Translation of illustrate in Spanish:

illustrate

Pronunciation: /ˈɪləstreɪt/

vt

  • 1 1.1 [book/story/magazine] ilustrar
    More example sentences
    • To illustrate the Book of Ruth, Merian chose to represent Boaz and Ruth at the threshing floor.
    • Photographic picture books, illustrating New York and other subjects, proliferated; a number of these featured the work of the new documentary photographers.
    • John Hodgkiss edited the diverse selection of reportage and portrait photographs illustrating the book.
    1.2
    (illustrated past participle of/participio pasado de)
    [book/edition] ilustrado; [lecture] ilustrado con diapositivas ( or proyecciones etc) lavishly illustrated profusamente ilustrado
    More example sentences
    • When Touch of Evil was first announced, a documentary explaining and illustrating the changes that resulted from Welles' memo was to have been included with the DVD.
    • One or two things seem to me underplayed (the great baroque invention of the Duet, for example), but thought has gone into explaining and illustrating most genres.
    • So let's look at another example as we explain and illustrate the general method.
  • 2 2.1 (explain by examples) ilustrar this example illustrates how serious the problem is este ejemplo ilustra la gravedad del problema 2.2 (show) poner* de manifiesto, demostrar*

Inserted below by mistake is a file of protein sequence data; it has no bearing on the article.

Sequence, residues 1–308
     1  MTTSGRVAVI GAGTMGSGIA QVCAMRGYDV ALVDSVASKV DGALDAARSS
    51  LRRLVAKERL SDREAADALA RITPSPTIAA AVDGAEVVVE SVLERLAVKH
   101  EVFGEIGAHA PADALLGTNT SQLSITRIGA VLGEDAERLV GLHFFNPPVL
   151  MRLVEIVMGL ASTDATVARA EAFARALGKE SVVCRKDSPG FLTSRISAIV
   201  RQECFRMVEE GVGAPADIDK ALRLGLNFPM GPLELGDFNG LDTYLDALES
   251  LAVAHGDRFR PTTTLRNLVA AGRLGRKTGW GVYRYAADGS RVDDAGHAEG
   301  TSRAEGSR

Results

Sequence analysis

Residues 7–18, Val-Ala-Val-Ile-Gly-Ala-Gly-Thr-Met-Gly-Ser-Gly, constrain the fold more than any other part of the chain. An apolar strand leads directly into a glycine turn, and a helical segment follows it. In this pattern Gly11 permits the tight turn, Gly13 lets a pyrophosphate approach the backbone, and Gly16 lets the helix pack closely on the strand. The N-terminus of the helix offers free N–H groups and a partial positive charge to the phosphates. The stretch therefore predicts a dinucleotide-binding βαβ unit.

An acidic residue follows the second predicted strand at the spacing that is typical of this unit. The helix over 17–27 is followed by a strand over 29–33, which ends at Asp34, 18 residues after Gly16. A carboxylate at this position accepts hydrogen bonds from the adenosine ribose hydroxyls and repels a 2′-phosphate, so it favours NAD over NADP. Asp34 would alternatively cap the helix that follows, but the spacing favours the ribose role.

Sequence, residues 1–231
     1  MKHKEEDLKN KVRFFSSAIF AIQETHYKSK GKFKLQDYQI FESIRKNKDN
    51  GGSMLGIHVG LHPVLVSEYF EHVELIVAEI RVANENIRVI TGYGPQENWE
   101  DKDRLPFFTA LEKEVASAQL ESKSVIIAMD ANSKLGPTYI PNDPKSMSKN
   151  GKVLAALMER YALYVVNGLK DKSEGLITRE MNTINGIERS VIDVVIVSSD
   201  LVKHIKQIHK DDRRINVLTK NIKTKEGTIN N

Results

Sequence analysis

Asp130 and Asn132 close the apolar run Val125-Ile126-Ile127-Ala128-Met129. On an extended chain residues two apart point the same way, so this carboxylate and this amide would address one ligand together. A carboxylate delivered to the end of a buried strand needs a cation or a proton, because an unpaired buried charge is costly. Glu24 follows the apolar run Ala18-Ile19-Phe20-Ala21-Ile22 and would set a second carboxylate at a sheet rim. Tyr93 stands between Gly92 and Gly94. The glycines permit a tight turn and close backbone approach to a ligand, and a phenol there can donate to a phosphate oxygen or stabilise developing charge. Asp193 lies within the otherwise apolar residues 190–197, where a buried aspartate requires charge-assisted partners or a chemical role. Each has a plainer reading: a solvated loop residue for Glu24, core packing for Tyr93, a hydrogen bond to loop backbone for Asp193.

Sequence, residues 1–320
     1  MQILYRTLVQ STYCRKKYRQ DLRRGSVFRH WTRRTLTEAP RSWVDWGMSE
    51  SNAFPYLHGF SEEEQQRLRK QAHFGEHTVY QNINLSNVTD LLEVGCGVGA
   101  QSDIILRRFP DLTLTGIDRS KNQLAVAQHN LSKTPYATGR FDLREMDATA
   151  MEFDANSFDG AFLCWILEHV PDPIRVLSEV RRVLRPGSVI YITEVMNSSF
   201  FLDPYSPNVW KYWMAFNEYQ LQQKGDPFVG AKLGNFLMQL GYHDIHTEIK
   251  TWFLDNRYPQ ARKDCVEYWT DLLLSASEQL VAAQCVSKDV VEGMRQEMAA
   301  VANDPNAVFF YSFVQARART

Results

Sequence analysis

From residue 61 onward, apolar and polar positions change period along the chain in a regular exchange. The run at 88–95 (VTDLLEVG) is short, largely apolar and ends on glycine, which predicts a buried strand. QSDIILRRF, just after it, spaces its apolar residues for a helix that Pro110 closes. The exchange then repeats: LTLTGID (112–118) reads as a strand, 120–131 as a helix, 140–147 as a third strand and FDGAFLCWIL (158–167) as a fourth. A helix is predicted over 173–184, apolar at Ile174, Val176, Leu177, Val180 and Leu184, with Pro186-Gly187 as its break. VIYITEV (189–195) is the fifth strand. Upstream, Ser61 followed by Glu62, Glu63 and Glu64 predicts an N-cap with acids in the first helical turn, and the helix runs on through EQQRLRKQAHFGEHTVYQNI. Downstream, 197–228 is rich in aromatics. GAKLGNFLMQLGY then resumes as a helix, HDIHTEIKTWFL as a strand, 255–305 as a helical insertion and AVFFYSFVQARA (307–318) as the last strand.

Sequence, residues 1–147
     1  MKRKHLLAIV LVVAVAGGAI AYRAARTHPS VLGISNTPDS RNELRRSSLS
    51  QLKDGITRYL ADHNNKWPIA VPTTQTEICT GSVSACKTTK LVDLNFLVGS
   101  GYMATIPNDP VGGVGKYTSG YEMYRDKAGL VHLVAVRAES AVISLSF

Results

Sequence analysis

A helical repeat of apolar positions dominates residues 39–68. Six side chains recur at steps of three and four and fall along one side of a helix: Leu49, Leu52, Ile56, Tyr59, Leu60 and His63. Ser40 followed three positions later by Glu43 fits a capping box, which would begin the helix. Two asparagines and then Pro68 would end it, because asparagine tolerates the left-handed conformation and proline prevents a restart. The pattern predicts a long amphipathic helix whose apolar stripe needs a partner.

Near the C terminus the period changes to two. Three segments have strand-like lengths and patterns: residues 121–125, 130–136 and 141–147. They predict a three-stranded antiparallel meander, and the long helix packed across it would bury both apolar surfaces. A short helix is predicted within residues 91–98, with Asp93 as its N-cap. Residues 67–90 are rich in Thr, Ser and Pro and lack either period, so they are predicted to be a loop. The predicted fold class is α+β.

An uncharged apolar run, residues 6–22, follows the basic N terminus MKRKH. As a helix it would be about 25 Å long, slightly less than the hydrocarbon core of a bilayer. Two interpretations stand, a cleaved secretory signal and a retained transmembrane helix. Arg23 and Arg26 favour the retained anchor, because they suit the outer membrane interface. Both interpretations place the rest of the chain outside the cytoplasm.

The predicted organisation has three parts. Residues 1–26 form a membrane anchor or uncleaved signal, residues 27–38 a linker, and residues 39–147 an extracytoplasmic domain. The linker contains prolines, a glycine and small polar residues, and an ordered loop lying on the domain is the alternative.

More example sentences
    • One example will serve to illustrate how comprehensive and penetrating his discernment is.
    • Three examples can serve to illustrate how a choice of ruler was made and the thinking behind the resources made available to him.
    • Clearly, this is a grossly simplified example but it serves to illustrate how such a solution is very open to sabotage.

vi

Definition of illustrate in:

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Word of the day torta
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Cultural fact of the day

Most first names in Spanish-speaking countries are those of saints. A person's santo, (also known as onomástico in Latin America and onomástica in Spain) is the saint's day of the saint that they are named for. Children were once usually named for the saint whose day they were born on, but this is less common now.